Adrian Dix warrants applause for taking the high road in the leadup to the provincial election on May 14.
The NDP leader says his party’s election campaign will be “positive” and will avoid attack ads on Christy Clark’s Liberals. The reason? Former NDP leader Carole James says she believes the public is wary of negative ads.
While we’d like to see an election campaign devoid of nastiness, petty personal attacks and long-held grudges, the likelihood of that happening is virtually non-existent. The fact is, attack ads work and, as cynical as it may be, a positive campaign doesn’t get the same traction with voters as slinging mud.
That’s why Stephen Harper’s Conservatives have done so well with attack ads and easily brush away criticism of their tactics. The Tories have had a field day trying to destroy the leadership qualities of former Liberal heads Paul Martin, Stephane Dion and Michael Ignatieff. Then there’s NDP Leader Thomas Mulcair, who has already seen his face on Tory ads, and there’s no doubt Liberal frontrunner Justin Trudeau is in the crosshairs.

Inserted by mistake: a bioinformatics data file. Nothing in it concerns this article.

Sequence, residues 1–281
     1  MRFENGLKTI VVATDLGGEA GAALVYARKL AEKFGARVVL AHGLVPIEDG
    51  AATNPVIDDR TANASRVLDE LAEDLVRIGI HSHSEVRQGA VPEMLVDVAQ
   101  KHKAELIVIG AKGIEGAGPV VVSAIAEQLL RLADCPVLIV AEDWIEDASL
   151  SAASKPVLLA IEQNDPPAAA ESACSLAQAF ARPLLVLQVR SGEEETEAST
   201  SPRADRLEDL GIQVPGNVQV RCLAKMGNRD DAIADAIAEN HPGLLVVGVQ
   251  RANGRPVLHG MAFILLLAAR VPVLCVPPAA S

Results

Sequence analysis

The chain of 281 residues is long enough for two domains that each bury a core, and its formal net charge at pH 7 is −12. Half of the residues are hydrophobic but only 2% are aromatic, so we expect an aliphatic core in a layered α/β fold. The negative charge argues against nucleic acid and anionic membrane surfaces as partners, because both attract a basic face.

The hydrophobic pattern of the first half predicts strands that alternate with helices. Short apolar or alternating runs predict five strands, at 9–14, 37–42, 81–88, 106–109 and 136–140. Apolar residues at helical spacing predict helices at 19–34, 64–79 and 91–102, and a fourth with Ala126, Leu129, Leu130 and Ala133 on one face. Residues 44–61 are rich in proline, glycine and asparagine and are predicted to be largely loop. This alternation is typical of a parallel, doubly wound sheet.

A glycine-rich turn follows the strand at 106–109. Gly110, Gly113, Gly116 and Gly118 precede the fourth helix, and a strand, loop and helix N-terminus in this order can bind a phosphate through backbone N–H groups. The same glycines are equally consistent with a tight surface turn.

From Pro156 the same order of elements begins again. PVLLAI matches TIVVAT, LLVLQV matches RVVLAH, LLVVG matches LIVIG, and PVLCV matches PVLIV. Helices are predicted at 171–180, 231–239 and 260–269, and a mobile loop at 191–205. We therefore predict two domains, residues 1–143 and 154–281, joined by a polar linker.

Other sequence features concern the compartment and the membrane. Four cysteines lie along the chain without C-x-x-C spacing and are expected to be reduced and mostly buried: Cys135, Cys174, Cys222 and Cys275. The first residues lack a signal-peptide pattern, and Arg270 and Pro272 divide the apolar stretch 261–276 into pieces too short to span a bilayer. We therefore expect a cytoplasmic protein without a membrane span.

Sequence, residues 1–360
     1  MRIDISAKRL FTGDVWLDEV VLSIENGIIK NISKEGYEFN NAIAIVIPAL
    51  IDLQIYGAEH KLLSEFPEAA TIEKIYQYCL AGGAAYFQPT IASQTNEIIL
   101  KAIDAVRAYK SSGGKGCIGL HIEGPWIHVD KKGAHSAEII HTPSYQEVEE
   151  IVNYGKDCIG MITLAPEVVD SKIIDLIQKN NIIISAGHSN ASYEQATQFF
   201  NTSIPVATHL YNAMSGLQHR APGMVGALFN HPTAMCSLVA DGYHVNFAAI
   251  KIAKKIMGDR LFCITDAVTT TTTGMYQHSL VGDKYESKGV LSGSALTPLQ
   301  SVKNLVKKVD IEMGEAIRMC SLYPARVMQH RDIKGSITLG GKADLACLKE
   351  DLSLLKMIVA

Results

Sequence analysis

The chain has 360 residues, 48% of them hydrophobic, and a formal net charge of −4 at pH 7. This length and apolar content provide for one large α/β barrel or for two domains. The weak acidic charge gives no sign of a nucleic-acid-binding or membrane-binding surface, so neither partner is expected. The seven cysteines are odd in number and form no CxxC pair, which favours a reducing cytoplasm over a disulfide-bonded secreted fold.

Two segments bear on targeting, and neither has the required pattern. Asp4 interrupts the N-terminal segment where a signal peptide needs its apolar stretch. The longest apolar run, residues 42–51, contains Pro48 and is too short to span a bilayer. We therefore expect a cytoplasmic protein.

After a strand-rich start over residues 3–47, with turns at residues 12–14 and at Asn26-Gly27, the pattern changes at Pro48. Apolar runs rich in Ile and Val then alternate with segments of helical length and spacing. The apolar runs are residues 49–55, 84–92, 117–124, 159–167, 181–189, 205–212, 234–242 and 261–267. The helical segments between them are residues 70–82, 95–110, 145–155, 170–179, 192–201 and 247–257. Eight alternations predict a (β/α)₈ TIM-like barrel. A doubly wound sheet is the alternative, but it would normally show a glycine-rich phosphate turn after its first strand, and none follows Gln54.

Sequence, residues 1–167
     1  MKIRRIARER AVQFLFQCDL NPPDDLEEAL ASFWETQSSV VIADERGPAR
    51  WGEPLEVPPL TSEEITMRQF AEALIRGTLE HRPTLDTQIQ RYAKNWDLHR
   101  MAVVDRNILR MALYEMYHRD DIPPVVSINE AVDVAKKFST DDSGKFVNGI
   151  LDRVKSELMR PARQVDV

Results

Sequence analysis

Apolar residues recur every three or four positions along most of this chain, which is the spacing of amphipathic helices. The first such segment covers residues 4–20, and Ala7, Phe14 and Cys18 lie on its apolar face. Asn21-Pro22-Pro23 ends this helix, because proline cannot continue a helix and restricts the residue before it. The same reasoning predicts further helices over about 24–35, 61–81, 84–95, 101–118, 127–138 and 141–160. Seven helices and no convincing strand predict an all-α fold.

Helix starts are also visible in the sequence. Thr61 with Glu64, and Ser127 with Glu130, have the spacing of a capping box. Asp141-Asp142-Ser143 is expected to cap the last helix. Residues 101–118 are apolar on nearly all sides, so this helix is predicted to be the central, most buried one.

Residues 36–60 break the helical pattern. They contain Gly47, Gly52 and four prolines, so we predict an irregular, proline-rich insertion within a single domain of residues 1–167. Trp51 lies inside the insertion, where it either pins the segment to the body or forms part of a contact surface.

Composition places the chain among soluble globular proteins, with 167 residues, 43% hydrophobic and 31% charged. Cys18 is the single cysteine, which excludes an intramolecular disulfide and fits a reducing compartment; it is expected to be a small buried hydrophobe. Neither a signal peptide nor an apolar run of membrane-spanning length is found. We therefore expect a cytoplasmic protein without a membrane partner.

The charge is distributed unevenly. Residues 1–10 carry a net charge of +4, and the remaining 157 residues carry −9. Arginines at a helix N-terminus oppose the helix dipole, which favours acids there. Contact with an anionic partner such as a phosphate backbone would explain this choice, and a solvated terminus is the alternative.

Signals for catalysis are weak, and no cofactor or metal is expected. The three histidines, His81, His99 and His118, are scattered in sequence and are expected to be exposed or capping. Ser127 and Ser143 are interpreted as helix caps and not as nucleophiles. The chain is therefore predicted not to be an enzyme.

If the Conservatives couldn’t craft the public’s perception of their opponents’ leadership abilities, they wouldn’t do it. Of course, it just isn’t Harper who uses attack ads. Even the prime minister himself has faced the brunt of attack ads from Liberals questioning his so called “hidden agenda,” an accusation he tried for years to shake and still pops up now and again.
And the U.S.? Well, it’s got attack ads down to a science. Last year alone, nearly $1 billion was spent between the Obama and Romney campaigns in the leadup to the presidential election. And from one night of watching American television, one can safely assume the percentage of negativity was very, very high.
Still, as much as we like to slam attack ads, they do have their place. Speculation, personal shots and half-truths are one thing, but attacking another party’s poor record on any range of issues is just plain smart.
Of course, everything will have a spin — even “positive” ads — so, ultimately, it comes down to voters to be up on the issues and to carve out the truth — or the best version of it — for themselves.
Dix has earned our admiration for taking the high road, but blame it on the our cynical day job for thinking his tune will change depending on where he is in the polls and how close we are to election day.
We Say editorials represent the viewpoint of The Daily News and are written by publisher Tim Shoults, city editor Tracy Gilchrist, or associate news editors Dan Spark and Mark Rogers.